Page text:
Squatters in London are way ahead of Mayor Khan. Four protesters of Putin’s war in Ukraine occupied the mansion of Russian oligarch Oleg Deripaska. They wanted the property for Ukrainian refugees. After several hours of negotiations, they came down from their perch on a balcony and were arrested. Deripaska is an aluminum magnate who has called on Putin to make peace with Ukraine. Seven Russian oligarchs have been put under UK government sanctions since last week, including him.
Dozens of police including officers from the Territorial Support Group and a climbing team spent hours trying to persuade them to come down from a balcony at the front of the building.
The group refused police negotiators’ repeated attempts to “collect” them from the balcony using a crane, saying that they wanted to be treated in the same way as the prime minister. Referencing the “partygate” inquiry, they said they wanted to be sent a questionnaire to ascertain whether they had done anything wrong rather than being arrested.
But on Monday evening they left the balcony.
A spokesperson for Westminster police said: “The four people protesting on the balcony of a building in Belgrave Square have come down and been arrested. A police presence will remain at the scene.”
One of the squatters said he is from Lithuania and ready for the consequences of his arrest. The group of protesters voiced concern for their own countries since Putin invaded Ukraine. They don’t want their countries to be next, if Putin successfully takes control of Ukraine. Their message to the oligarchs is “You occupy Ukraine, we occupy you.”
The policy before the Home for Ukraine program was announced was for refugees to be admitted into Great Britain if they had family living there. Eligibility has been extended to all refugees now but they still require a visa, unlike other nations in the EU, which have waived all visa requirements and allows them to stay up to three years. Ukrainians can apply for visas online using their passports.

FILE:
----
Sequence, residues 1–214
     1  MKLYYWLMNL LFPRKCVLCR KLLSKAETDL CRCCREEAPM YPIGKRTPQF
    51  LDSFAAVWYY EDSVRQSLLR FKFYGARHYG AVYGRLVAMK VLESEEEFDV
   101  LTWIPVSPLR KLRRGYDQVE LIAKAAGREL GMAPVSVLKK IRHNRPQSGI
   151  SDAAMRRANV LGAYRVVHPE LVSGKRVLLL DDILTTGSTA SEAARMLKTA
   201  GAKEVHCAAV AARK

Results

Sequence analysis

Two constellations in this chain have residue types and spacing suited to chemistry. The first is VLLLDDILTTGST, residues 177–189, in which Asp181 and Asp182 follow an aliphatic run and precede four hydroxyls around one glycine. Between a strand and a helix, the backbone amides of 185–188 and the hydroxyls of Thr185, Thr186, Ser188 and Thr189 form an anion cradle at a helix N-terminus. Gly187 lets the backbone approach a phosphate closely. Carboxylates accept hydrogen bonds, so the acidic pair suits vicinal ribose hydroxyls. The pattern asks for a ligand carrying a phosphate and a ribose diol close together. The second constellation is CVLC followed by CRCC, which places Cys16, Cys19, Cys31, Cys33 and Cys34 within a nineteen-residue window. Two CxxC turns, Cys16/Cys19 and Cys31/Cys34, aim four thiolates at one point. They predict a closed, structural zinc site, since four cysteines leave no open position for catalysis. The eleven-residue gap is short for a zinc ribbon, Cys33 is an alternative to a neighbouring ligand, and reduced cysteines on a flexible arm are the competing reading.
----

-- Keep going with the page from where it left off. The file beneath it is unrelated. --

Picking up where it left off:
Britain’s health minister announced that 21 Ukrainian children suffering from cancer were flown to Britain for treatment after evacuating to Poland.
Poland has taken in the greatest number of Ukrainian refugees. Nearly three million refugees have fled Ukraine since Putin’s invasion. Poland has taken 1.8 million refugees so far. Romania, Moldova, Hungary, and Slovakia have also taken in refugees, numbering the in the hundreds of thousands. And, it should be noted that about 150,000 have fled to Russia, and 1,500 to Belarus, Russia’s puppet government.
The UN said it is likely many refugees will have moved on to other countries from Poland, Hungary and Slovakia, though free movement and very few border controls within the European Union’s Schengen area means these travels are not recorded.
This is a world war but it is concentrated in Europe so it is logical that most refugees remain in European countries, especially neighboring countries. There is shared history and culture, very much unlike when Germany allowed tens of thousands of Syrian refugees to stay in that country ten years ago. At the time of Putin’s invasion, the White House expressed willingness to accept Ukrainian refugees though it expects most to remain in Europe.
“The president is certainly prepared for that,” Ms. Psaki said of accepting Ukraine refugees. ”But I would just note that because there are a number of European countries neighboring Ukraine who have expressed openness to it and we anticipate most would want to go to European countries.”
The Biden administration has designated Ukraine with temporary protected status. A large spike in Russian and Ukrainians was noted at the southern border as early as January, in anticipation of the Mad Man of Moscow invading Ukraine and starting a war.